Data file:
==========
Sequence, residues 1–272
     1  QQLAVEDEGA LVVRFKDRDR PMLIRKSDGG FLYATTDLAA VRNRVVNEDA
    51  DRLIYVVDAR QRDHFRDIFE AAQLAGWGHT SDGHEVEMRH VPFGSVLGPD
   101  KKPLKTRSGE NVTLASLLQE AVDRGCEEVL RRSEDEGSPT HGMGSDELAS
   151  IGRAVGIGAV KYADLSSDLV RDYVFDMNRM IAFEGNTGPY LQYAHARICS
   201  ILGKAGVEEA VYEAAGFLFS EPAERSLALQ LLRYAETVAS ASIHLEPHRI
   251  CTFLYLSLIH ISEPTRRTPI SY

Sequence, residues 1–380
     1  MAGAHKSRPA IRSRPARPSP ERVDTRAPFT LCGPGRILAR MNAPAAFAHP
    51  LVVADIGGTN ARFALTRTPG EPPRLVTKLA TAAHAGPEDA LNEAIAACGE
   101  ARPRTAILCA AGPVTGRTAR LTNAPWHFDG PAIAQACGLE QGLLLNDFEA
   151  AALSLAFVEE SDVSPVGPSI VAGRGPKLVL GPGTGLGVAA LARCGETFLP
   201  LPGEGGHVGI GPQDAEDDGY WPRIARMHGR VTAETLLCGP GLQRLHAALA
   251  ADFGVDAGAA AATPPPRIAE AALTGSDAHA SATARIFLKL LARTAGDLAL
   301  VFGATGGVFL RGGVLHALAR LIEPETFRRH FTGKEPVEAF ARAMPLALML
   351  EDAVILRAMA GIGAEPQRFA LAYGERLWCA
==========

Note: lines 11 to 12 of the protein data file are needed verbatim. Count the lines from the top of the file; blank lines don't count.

   101  ARPRTAILCA AGPVTGRTAR LTNAPWHFDG PAIAQACGLE QGLLLNDFEA
   151  AALSLAFVEE SDVSPVGPSI VAGRGPKLVL GPGTGLGVAA LARCGETFLP